Kay Cannon’s “Cinderella” (2021) teeters on the line between a classic fairy tale and a pop star’s music video. Starring Camila Cabello, a singer and songwriter who once belonged to the music group Fifth Harmony and has since led a successful solo music career, “Cinderella” loses the class of the original fairy tale and instead lands itself as a sad attempt at a pop culture-filled musical.
“Cinderella” seems to make a particular attempt at including stars who are famous beyond just their acting careers — contributing to the pop-culture relevance in the film. Cabello’s substantial media attention has come from her success as an artist. Billy Porter, who plays the Fabulous (previously referred to as “fairy”) Godmother, is an actor and singer in addition to being known by fans for his extravagant fashion sense and red carpet styles. Finally, James Corden, who plays one of the mice, has appeared in previous film and television productions but is best known for his talk show “The Late Late Show with James Corden” and his success as a comedian.
The pop culture attempts of “Cinderella” are not only visible throughout the cast, but are also heard within the dialogue. If someone told me the screenplay was written by an aspiring “cool mom,” who constantly quoted slang words and sayings she had overheard from her daughter in an attempt to seem “hip,” I would believe them. Filled with overused and previously popular expressions, such as “poppin” and “yas,” the dialogue of “Cinderella” feels try-hard and senseless. These simple but cringeworthy words are not the only examples of what could be considered an attempt to incorporate modern or popular language into the film. Unnecessarily sassy phrases, such as Cinderella’s response of, “Yes, I was just crying and singing about it like two minutes ago,” to the Fabulous Godmother’s question about whether she still wanted to attend the ball, after having a breakdown about not being able to go, reinforces the feeling that the writer is trying too hard to make the language sound modern by often needlessly throwing the word “like” into sentences to represent how Cannon supposes teenagers talk these days. Such lines sound intrusive, clashing with the old-fashioned village and its traditions that encompass the characters’ lives.
Despite these diminishing factors, the entire plot should not be undermined. Character development, which is largely necessary for a strong story, certainly plays a role in “Cinderella.” Although it comes rather abruptly, with most character development not being shown until the final minutes of the film, there is certainly a clear relationship between the plot and the characters’ progression. Additionally, the story is an entertaining one with a solid plot — there are clear conflicts and resolutions — but most of its glory is derived from the animated classic “Cinderella” and is not the screenwriter’s original work.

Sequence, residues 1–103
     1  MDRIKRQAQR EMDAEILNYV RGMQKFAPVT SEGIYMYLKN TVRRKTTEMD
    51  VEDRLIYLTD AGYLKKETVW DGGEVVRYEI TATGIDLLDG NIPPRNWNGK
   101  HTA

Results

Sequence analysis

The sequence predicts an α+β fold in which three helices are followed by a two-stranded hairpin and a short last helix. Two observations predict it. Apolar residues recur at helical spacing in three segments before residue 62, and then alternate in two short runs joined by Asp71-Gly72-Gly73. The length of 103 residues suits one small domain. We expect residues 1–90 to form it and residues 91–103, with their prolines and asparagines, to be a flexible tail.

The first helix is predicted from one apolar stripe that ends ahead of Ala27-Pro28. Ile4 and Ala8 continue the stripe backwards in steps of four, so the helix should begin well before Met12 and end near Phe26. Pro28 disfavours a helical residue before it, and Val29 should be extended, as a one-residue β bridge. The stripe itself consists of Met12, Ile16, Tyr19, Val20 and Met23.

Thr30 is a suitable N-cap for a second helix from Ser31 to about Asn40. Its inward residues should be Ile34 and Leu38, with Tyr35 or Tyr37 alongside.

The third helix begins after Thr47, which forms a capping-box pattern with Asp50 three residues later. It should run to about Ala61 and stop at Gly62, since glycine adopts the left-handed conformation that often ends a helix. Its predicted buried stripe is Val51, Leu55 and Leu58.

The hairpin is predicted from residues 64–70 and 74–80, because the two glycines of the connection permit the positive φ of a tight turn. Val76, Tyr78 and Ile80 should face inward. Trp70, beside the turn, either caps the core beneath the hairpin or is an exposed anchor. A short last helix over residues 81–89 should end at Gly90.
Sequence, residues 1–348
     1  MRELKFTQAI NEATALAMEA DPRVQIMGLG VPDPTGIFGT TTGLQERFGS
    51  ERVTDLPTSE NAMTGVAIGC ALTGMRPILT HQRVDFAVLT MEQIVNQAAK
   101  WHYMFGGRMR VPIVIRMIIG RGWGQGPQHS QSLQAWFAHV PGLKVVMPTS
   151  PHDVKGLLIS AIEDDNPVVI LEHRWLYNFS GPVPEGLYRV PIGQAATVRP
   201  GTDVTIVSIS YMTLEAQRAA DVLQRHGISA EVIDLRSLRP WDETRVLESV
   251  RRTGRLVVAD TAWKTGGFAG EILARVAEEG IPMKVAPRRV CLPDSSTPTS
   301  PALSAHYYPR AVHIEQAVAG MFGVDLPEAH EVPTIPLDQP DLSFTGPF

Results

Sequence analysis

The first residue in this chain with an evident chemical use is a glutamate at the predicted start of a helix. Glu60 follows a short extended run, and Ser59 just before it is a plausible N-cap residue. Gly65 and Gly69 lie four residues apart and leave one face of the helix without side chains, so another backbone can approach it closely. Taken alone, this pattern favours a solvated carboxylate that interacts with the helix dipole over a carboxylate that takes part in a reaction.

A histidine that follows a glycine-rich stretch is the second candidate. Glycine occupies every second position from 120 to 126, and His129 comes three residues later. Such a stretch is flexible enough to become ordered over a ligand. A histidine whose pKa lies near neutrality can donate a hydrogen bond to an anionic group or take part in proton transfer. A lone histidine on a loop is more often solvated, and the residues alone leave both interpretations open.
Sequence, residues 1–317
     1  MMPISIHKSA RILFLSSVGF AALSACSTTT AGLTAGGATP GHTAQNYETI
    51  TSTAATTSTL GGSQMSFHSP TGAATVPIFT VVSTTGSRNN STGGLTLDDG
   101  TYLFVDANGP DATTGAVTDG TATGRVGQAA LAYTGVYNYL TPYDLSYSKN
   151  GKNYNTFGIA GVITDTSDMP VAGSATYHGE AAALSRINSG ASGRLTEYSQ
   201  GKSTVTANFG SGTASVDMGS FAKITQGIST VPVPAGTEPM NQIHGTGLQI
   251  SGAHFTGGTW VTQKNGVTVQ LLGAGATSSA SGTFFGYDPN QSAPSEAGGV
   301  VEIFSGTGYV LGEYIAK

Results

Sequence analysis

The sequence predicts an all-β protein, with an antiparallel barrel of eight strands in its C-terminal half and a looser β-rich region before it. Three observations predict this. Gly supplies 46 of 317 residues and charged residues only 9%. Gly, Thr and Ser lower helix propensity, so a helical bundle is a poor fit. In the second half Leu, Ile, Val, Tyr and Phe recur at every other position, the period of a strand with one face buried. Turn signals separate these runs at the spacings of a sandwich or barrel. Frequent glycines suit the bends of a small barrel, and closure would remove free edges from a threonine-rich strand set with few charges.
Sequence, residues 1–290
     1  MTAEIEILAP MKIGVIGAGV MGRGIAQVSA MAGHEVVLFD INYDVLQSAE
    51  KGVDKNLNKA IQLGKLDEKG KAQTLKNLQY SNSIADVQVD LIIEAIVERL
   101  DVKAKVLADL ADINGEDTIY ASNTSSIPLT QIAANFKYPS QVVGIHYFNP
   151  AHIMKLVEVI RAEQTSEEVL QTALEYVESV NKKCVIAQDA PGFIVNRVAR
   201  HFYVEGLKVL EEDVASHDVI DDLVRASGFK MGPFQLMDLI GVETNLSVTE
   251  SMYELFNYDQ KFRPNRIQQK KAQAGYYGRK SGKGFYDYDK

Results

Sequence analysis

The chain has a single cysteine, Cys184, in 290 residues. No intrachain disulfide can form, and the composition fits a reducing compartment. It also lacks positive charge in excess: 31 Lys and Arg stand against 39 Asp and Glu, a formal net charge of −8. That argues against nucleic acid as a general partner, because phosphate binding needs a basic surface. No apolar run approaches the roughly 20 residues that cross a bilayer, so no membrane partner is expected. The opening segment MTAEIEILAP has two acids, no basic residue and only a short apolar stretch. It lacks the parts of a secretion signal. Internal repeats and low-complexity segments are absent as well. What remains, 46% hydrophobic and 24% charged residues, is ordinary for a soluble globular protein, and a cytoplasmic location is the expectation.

One element this version of “Cinderella” does well is its catchy songs, which remain relevant to the context of the various scenes in which they appear. While songs can sometimes seem frivolous in movies, “Cinderella” uses them to its advantage, driving the plot forward and conveying thoughts inside the characters’ heads. As Cinderella works on dressmaking in an attempt to begin her own business, Cabello sings “Million to One” (2021), an original song for the film that repeats, “You’re gonna know my name/ Yeah, you’re gonna know my name,” demonstrating the hope and determination Cinderella holds for her future success. Unfortunately, the actors’ lip syncing is occasionally off, distracting the viewer from the scene and instead questioning why a production with such a large budget (exemplified by the costume and set design, stacked cast and seamless camera work) would find its finished product with such a blaring error.
Despite its few strengths, this version of “Cinderella” will find itself among the ranks of other letdown classic remakes, which continue to exploit original success in the pursuit of profit.